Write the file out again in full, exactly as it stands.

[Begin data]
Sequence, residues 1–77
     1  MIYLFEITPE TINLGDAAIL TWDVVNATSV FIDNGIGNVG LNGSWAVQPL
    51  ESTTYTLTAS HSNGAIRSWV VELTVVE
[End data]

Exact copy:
Sequence, residues 1–77
     1  MIYLFEITPE TINLGDAAIL TWDVVNATSV FIDNGIGNVG LNGSWAVQPL
    51  ESTTYTLTAS HSNGAIRSWV VELTVVE